It seems almost everyone is in the "no" camp, however there doesn't seem to be a lot of corroborating evidence presented.

Here's an excerpt from American Airline's [Conditions of Carriage][1]

> 9. Carrier undertakes to use its best efforts to carry the passenger and baggage with reasonable dispatch. Times shown in timetables or
> elsewhere are not guaranteed and form no part of this contract.
> Carrier may without notice substitute alternate carriers or aircraft,
> and may alter or omit stopping places shown on the ticket in case of
> necessity. Schedules are subject to change without notice. **Carrier
> assumes no responsibility for making connections**.

Delta US [CoC][2]:

> Delta is not responsible or liable for making connections

Delta International [CoC][3]

> Except as stated in this rule and as provided in Rule 55, Delta will
> have no liability for making connections...
> In the event of **flight cancellation, diversion, delays of greater than
> 90 minutes, or delays that will cause a passenger to miss connections**,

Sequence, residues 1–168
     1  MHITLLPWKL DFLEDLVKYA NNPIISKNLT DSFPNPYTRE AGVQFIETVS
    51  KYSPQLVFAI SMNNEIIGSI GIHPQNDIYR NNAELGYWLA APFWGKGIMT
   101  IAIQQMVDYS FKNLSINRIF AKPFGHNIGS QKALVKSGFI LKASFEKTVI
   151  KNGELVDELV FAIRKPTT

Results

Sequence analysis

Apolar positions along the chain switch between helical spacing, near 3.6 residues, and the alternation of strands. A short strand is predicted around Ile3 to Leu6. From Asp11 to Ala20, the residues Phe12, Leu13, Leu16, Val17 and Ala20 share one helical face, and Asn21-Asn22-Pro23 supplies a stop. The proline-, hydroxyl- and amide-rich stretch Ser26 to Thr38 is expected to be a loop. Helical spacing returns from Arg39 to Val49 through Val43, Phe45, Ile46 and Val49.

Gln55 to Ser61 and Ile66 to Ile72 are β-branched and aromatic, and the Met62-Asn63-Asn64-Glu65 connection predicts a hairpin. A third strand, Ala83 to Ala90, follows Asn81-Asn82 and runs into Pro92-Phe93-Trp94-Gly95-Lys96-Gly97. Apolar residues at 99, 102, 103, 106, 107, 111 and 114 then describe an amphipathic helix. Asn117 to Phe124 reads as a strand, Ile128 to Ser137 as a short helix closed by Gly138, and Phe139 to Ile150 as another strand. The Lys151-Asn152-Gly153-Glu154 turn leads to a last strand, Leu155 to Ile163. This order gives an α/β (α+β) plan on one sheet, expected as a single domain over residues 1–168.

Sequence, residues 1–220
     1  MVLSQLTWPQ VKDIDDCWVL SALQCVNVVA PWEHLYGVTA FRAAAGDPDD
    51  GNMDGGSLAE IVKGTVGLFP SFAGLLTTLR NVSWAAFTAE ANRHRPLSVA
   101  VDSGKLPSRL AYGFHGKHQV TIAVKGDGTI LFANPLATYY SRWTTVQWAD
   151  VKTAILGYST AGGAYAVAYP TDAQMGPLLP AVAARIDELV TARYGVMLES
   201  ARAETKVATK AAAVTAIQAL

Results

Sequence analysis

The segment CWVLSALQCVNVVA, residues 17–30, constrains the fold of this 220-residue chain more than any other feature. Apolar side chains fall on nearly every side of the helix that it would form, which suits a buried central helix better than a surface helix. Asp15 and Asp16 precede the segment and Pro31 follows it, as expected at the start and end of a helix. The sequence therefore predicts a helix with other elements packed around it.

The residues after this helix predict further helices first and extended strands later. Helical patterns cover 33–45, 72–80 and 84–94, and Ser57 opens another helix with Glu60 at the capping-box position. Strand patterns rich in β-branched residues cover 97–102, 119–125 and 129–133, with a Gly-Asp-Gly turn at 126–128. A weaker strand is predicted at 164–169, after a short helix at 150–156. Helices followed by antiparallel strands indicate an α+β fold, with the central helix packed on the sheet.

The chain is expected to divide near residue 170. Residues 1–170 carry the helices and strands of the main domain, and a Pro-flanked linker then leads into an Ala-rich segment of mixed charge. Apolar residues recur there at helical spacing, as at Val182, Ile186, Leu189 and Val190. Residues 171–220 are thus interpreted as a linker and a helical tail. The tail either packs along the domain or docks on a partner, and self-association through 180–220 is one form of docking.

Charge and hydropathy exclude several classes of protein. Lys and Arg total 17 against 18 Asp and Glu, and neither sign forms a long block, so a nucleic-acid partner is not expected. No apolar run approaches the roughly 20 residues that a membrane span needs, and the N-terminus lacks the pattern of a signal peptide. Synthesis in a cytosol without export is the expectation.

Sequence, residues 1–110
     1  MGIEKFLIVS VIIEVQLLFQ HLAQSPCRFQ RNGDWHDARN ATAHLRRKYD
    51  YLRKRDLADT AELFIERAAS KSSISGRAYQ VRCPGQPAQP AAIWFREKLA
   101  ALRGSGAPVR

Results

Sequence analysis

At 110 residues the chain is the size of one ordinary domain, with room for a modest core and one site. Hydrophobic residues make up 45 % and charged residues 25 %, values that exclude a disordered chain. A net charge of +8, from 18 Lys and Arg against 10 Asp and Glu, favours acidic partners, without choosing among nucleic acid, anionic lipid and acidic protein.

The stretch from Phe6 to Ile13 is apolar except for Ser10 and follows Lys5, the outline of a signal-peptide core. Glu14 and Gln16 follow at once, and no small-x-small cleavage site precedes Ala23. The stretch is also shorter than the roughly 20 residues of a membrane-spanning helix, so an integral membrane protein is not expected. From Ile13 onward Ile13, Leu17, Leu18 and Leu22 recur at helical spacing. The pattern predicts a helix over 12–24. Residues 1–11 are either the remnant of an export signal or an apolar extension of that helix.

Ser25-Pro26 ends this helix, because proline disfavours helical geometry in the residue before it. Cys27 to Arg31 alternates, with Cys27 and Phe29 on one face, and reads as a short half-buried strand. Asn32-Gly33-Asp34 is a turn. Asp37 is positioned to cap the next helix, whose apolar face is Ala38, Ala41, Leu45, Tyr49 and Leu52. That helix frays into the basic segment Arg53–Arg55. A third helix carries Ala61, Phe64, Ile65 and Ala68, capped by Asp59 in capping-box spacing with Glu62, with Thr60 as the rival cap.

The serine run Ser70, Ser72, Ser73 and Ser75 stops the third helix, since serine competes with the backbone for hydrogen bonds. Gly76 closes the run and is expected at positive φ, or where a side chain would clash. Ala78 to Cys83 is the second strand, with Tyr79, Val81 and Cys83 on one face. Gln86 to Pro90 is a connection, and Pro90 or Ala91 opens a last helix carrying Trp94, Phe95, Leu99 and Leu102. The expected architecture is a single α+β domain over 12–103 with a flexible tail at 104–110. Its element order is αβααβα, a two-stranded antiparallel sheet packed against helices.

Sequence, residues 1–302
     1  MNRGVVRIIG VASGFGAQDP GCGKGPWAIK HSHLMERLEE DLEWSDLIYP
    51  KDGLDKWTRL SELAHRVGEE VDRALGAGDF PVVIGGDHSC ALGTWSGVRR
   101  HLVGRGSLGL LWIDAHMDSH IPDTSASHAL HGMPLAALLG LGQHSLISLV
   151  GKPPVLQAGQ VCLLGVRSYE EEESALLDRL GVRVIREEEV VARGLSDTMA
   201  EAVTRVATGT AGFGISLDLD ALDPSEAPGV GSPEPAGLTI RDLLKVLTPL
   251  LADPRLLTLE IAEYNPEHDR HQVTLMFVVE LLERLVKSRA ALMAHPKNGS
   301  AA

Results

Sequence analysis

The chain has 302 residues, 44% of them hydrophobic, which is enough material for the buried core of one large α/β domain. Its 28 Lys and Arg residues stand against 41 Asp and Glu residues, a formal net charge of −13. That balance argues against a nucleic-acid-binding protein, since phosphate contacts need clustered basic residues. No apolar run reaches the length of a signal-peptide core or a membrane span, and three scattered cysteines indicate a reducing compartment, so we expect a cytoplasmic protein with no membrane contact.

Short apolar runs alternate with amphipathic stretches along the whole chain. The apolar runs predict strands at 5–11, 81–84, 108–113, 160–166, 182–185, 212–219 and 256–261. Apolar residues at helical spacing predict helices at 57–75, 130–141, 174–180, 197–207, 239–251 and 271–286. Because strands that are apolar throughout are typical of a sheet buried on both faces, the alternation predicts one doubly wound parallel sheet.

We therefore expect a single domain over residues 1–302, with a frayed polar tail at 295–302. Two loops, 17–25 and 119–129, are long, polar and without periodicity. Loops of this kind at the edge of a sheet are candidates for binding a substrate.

> Delta will [accommodate passenger...]

(Rule 55 doesn't appear to add anything substantial here)
British Airways [CoC][4]:

> 9b3) If we:
> ... cause you to miss a connecting flight on which you hold a
> confirmed reservation;
> you can choose one of the three remedies set out [...]

Qatar [CoC][5]:

> 2.2  Extension of Validity  
> If you are prevented from travelling within the period of validity of the Ticket because we:   
> ...
> 4.  Cause you to miss a connection
> The Validity of your Ticket will be extended until our first flight on
> which space is available in the class of service for which the fare
> has been paid.

I expect most airlines will show some discretion especially if you're obviously incapable of hurrying to your connecting flight and it is at the other end of the terminal, but this discretion doesn't seem to be backed up in the CoC. There is some ambiguity in "if we *cause* you", since that *might* be possible to interpret as "we gave you such a short connection that you couldn't make it".

A few anecdotes from flyertalk. They're not directly analagous to "not running", but do show that if the airline feels it's not their fault, it might not be yours either, but you may be the one on the hook for a new ticket:

[Missed connection due to someone else taking hand luggage][6].

> I therefore missed the connection, and they want me to pay rebooking
> fee and taxes and fare difference etc etc which costs like 500 usd

[Missed connection due to not feeling well.][7]

> she was forced to buy 2 walk up Y tickets for about $1500

[Missed connection due to falling asleep][8]

> The agent told me that it would be more expensive to change my original
> ticket, than to simply purchase the additional 1-way ticket